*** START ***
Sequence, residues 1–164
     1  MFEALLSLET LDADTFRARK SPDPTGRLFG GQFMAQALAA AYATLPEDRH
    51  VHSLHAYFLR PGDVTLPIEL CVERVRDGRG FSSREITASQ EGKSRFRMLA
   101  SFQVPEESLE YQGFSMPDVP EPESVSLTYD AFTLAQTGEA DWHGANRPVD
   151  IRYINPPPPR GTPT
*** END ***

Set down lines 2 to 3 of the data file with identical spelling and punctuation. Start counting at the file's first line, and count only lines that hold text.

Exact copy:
     1  MFEALLSLET LDADTFRARK SPDPTGRLFG GQFMAQALAA AYATLPEDRH
    51  VHSLHAYFLR PGDVTLPIEL CVERVRDGRG FSSREITASQ EGKSRFRMLA